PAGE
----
Posts Categorized Under

Cloud

  1. Cloud Misconfiguration Bedevils Enterprises at an Alarming Rate

    Andrew Wright
    Andrew Wright

    Co-founder & Vice President of Communications

    10 Minute Read

    Why is cloud misconfiguration such a universal problem that puts enterprises at risk of critical breaches? There are simply too many resources, too much change, too many interfaces, and too many policies for humans to adequately track and govern without security automation.

  2. The Cost of Cloud Misconfiguration Whack-a-Mole

    Andrew Wright
    Andrew Wright

    Co-founder & Vice President of Communications

    8 Minute Read

    Fugue surveyed IT and security professionals from more than 300 enterprise organizations on cloud infrastructure misconfiguration risk. While it surfaced a lot of concern over data breaches due to misconfiguration, here we dive into the cost enterprises incur in an attempt to manage the problem.

  3. A Day in the Life of a Cloud Misconfiguration

    Cloud operations professionals will likely recognize the hypothetical infrastructure misconfiguration scenario outlined here ... and perhaps wince a bit. What all enterprises using cloud at scale have in common is that misconfiguration is not just a critical technical issue to contend with, but it’s a major management burden that soaks up significant time and expertise.

  4. Tips for Moving Fast and Safely to the Cloud

    It has never been faster or easier to get something deployed in the cloud. Unfortunately, security and compliance may be left behind. What does it mean to move both fast and safe to the cloud? You should follow a few fundamental steps.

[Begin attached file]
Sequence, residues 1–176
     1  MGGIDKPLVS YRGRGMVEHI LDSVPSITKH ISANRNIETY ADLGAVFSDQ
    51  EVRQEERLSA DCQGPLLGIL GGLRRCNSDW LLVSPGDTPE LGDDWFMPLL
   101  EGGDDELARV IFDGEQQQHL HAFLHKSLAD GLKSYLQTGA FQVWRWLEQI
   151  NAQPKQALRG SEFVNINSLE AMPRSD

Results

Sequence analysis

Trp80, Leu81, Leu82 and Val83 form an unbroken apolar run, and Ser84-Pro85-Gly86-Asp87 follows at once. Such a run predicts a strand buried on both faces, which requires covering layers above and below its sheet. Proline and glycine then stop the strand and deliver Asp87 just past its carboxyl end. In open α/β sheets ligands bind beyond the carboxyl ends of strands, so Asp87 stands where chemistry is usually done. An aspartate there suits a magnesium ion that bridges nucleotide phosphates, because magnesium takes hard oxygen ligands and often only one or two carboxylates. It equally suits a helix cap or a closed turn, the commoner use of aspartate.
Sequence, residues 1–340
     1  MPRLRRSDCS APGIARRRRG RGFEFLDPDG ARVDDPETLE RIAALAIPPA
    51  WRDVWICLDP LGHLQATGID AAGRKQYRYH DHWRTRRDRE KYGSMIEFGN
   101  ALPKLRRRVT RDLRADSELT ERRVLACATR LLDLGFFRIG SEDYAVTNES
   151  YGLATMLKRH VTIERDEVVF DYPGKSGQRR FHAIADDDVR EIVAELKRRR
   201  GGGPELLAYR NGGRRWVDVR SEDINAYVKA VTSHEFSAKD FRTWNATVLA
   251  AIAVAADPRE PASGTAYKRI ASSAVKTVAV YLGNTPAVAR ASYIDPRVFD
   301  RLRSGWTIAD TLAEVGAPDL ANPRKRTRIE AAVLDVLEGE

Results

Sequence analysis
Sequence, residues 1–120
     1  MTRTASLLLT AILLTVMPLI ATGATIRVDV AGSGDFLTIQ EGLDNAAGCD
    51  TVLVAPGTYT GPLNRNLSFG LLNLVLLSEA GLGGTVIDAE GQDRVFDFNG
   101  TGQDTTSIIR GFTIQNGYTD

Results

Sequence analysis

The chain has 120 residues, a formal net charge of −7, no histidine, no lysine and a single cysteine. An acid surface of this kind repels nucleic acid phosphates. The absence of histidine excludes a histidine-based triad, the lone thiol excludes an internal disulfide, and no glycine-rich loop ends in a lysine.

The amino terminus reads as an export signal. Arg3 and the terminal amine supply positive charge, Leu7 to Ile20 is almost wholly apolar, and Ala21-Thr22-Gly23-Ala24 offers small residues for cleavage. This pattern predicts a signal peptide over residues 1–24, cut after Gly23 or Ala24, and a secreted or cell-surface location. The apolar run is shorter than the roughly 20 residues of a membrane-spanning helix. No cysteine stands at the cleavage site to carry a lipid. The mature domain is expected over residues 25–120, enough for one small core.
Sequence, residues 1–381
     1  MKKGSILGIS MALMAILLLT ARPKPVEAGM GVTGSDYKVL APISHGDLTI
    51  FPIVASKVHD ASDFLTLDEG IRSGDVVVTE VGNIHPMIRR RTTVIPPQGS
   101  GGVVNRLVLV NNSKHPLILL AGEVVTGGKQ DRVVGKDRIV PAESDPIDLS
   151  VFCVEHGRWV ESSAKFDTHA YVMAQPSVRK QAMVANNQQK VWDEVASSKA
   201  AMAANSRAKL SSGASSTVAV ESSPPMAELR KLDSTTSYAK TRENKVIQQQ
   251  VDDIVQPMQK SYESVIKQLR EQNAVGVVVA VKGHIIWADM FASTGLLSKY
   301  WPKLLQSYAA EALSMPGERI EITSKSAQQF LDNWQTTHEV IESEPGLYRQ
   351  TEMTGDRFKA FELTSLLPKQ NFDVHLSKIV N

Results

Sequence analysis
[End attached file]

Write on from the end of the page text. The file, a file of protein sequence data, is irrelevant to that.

5. Securing AWS CloudFormation Stacks with Fugue

    Fugue can take over for CloudFormation—automatically folding in security, compliance, and remediation features—without any service disruption. It becomes easy to validate policy compliance, identify unapproved changes, and fix violations and misconfigurations, ensuring they never happen again.

  6. Why You Should Care About Cloud Infrastructure Governance

    Andrew Wright
    Andrew Wright

    Co-founder & Vice President of Communications

    It’s never been easier or faster for companies using the cloud to deploy infrastructure on AWS. But, typically, you can’t move fast without compromising security, compliance, and control. Cloud infrastructure governance is an approach that protects enterprises. Only resources adhering to established policies and controls can ever be created, and compliance is guaranteed for the entire lifecycle of a given resource.

  7. No Matter How You Built Your Cloud…

    No matter how you built your cloud—no matter what tools or services you’ve used to provision an application’s infrastructure—you can migrate existing workloads to Fugue easily and securely with no downtime. At AWS re:Invent this week, November 27 - December 1, test out Fugue’s automated infrastructure governance with our team at booth 1600 or explore Fugue’s new migration, enhanced compliance capabilities, and other features in the latest product release.

  8. Fugue Addresses Cloud's “Undifferentiated Heavy Lifting”

    Fugue reduces the cloud's new kinds of undifferentiated heavy lifting—the generic, often complex cloud work every business has to contend with—in a single system that delivers control, visibility, and speed for application governance. Reducing the lift is baked into every part of Fugue, including the first step, installation. With Fugue, no preliminary, extra layers of infrastructure creation, care, and feeding are required to get started. One command bootstraps everything!